Principles of Housekeeping Management

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Executive housekeepers today recognize the need for a clear understanding and successful application of management principles. They may, however, feel overwhelmed by the many terms in the field of scientific management, both from the past and in the present. It is important for executive housekeepers to be familiar and comfortable with these terms and principles, since there is no department within the hospitality industry in general, and hotels in particular, that will provide a greater opportunity for applying management skills.          
To help you understand the concept of management, we present an ordering of the management process as developed by R. Alec Mackenzie.20 Building on the works of Fayol, he created a three-dimensional illustration relating the elements, continuous and sequential functions, and activities of managers. Refer to Figure 1.1, Mackenzie’s diagram, when reading the following material.         

According toMackenzie, the elements with which today’s managers work are ideas, things, and people. These are the main components of an organization and are in the center of the figure. The manager’s task that is related to ideas is to think conceptually about matters that need to be resolved. The task related to things is to administer or manage the details of executive affairs. The task related to people is to exercise leadership and influence people so that they accomplish desired goals.         

The functions of a manager can be thought of as continuous functions and sequential functions. Many times a question may be asked: ‘‘But what does the manager do?’’ The manager should be seen to do several continuous functions, as well as several sequential functions.           
The continuous functions relating to ideas and conceptual thinking are to analyze problems.
Those related to things and administration are to make decisions, and those related to people and leadership are to communicate successfully. Problems are analyzed, facts gathered, causes learned, alternative solutions developed, decisions made, conclusions drawn, communications generated, and understanding ensured.           
The sequential functions of management are more recognizable as a part of the classical definition of management. They involve the planning, organizing, staffing, directing, and controlling of ideas, things, and people. Mackenzie sets forth various activities in each of these sequential functions that should be studied and recalled whenever necessary.        

According to Mackenzie, a manager’s sequential functions are divided into five areas—planning, organizing, staffing, directing, and controlling.            

The management plan involves seven basic activities:         
1. Forecasting : Establishing where present courses will lead         
2. Setting objectives: Determining desired results          
3. Developing strategies: Deciding how and when to achieve goals         
4. Programming: Establishing priorities, sequence, and timing of steps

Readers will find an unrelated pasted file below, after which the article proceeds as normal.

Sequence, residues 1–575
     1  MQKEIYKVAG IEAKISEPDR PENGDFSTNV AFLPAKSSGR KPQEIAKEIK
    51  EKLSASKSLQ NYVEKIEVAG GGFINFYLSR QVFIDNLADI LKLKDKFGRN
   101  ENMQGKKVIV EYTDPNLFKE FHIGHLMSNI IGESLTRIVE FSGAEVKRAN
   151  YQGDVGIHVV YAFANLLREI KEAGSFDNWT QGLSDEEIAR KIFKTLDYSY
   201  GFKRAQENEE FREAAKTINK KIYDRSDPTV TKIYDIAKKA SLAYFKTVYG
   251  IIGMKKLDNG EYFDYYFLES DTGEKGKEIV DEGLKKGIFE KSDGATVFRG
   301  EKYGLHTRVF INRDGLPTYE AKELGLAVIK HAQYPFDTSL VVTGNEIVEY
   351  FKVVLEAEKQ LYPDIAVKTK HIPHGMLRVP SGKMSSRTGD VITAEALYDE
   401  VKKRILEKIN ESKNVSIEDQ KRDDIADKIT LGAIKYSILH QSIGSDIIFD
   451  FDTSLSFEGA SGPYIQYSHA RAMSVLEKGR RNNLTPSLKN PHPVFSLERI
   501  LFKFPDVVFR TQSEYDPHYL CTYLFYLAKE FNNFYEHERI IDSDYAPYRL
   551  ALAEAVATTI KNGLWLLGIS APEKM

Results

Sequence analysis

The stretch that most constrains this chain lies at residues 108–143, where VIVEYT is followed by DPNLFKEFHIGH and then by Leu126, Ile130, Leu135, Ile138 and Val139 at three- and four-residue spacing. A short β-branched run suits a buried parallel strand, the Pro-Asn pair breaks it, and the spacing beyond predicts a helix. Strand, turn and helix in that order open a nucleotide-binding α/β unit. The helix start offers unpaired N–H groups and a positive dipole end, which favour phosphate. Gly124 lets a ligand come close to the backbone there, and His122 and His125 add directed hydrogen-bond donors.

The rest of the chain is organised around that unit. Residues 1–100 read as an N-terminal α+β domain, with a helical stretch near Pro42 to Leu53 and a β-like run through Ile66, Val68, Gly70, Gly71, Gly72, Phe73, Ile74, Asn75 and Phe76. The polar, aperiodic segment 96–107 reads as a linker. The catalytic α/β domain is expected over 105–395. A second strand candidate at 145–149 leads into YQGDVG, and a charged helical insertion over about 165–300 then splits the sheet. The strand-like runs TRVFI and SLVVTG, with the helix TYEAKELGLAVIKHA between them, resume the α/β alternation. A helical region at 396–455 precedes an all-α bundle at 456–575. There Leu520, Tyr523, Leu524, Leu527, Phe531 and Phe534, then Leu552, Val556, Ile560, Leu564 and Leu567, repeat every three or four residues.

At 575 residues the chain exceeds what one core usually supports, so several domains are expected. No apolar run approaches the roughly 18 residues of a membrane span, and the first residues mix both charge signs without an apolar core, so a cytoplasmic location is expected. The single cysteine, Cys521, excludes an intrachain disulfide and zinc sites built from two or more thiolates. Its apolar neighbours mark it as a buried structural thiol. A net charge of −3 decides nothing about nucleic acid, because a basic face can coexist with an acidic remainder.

5. Budgeting : Allocating resources         6. Setting procedures: Standardizing methods          7. Developing policies: Making standing decisions on important recurring matters           Organizing            Getting organized involves arranging and relating work for the effective accomplishment of an objective. Managers organize by making administrative or operational decisions. The four activities involved in getting organized are as follows:          1. Establishing an organizational structure: Drawing up an organizational chart           2. Delineating relationships: Defining liaison lines to facilitate coordination           3. Creating position descriptions: Defining the scope, relationship, responsibilities, and authority of each member of the organization           4. Establishing position qualifications: Defining the qualifications for people in each position            Staffing             The third sequential function, staffing, involves people. Leadership now comes into play, and communication is established to ensure that understanding takes place.          There are four activities:          1. Selecting employees: Recruiting qualified people for each position           2. Orienting employees: Familiarizing new people with their environment          3. Training : Making people proficient by instruction and practice          4. Developing : Improving knowledge, attitude, and skills        Directing         The first three sequential functions of management—planning, organizing, and staffing—might be performed before an operation gets under way. The last two sequential functions—directing and controlling—are carried out after the operation has begun or is in process.As with other managerial relationships involving people, leadership is accomplished through communication.In the directing of operations, there are five basic activities:         1. Delegating : Assigning responsibility and exacting accountability for results            2. Motivating : Persuading and inspiring people to take a desired action           3. Coordinating : Relating efforts in the most efficient combination            4. Managing differences: Encouraging independent thought and resolving conflict        5. Managing change: Stimulating creativity and innovation in achieving goals            Controlling            The final sequential function of management is to control organizations and activities to ensure the desired progress toward objectives. There are five basic activities in the controlling of operations:           1. Establishing a reporting system: Determining what critical data are needed            2. Developing performance standards: Setting conditions that will exist when key duties are well done         3. Measuring results: Ascertaining the extent of deviation from goals and standards        4. Taking corrective action: Adjusting plans, counseling to attain standards, replanning, and repeating the several sequential functions as necessary     5. Rewarding: Praising, remunerating, or administering discipline